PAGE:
As well as being a genius, Steve Jobs is a dick. He reportedly throws temper tantrums and berates employees. But he is also a cancer survivor. He keeps his medical record private, which I commend him for. But it is believed that he developed a rare form of pancreatic cancer in 2004, which is often a very deadly disease. In 2009, he secretly received a liver transplant in Tennessee for what was likely a cancer recurrence in the form of liver cancer. It was reported that he may have cheated to get higher on the donor list, but sometimes to survive you have to say “fuck it,” even if that means someone else on the list dies in your place.

Good luck with your new phone and iPad, Stevie, even though that doesn’t support flash and isn’t quite in full HD. Your tablet may do everything else in the world, but those extra few pixels are clearly make-or-break for me.
Young Steve Jobs holding an apple

*Update October 6, 2011: Steve died yesterday as a result of cancer.

Leia Mais…

Wednesday, June 16, 2010

Aloha: The Lost Stories and Photos

Six months after our trip to Hawaii, Greek finally provided me his digital photos. He tossed in a one gigabyte flash drive for good measure. It then took my lazy ass another four months to post some of his photos to my blog.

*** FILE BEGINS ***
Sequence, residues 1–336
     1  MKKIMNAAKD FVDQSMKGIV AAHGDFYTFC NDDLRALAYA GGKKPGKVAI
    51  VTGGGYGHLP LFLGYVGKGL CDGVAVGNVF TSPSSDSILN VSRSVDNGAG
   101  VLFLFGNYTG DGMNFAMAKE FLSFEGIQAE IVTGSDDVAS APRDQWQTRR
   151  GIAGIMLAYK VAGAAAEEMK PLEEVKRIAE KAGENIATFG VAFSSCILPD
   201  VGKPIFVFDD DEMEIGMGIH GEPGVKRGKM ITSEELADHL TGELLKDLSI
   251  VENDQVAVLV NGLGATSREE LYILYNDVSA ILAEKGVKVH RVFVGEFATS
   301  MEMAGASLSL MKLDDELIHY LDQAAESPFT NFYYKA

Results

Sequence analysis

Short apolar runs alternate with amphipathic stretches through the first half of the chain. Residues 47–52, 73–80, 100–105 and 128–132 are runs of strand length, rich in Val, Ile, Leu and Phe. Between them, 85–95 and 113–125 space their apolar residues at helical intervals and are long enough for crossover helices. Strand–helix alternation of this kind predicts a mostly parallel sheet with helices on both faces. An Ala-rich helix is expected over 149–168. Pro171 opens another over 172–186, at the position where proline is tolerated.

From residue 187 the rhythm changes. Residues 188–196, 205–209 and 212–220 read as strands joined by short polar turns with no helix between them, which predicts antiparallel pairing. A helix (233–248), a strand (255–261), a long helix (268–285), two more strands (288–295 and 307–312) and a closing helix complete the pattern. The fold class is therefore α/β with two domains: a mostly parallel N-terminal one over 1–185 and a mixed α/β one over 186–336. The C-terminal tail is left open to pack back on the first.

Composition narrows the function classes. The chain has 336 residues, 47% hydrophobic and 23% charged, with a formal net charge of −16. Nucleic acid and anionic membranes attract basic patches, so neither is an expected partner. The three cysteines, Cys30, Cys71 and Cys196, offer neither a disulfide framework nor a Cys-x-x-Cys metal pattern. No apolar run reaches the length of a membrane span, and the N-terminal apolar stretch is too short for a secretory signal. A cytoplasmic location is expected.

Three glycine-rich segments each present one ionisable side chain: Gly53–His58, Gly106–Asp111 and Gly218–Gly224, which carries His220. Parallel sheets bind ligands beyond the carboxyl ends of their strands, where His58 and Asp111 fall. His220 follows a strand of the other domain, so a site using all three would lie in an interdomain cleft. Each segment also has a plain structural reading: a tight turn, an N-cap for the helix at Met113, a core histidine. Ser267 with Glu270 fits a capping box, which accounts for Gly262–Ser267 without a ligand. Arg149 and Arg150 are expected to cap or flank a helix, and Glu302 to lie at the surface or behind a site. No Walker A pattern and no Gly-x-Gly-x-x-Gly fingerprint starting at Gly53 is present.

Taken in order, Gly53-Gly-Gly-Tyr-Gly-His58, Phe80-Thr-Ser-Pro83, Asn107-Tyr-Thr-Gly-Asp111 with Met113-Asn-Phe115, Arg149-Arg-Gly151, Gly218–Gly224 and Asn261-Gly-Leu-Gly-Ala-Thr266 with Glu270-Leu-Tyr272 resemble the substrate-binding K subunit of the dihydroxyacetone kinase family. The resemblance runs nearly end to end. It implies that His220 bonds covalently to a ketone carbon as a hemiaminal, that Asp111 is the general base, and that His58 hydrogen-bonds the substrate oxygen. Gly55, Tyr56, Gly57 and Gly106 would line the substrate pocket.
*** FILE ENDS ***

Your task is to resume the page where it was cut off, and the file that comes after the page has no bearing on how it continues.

As I relaxed in my beach chair listening not to Justin Bieber but surely music nearly as awesome, JD, Greek, and NoCommonSense kayaked to two small islands.

Kayaking in Hawaii

NoCommonSense took off in shame after being dominated by a wave, but his follies continued. When they reached the second island, he tipped over his kayak spilling the GCBs (Good Cold Beers). Regardless, the island party continued. (Doesn't this look like Lost, anyone?)
Resting on Waikiki beach

On our way to the North Shore, we stopped by a popular turtle hangout. Turtles are amongst my favorite animals. Zeke and I found one when we were kids and named him Wolfy. We probably saw 50 more over the next decade, and named them Wolfy 2, 3, 4, etc. In truth, I can't tell if these are Wolfys or rocks.
Sea turtles beach on North Shore

I tried teaching Greek the way of the sunscreen. He listened after his skin was replaced by a stiff coat of sand.
Sunburned legs in Waikiki, Hawaii

Hurricane Felicia was talking shit, but couldn't back it up.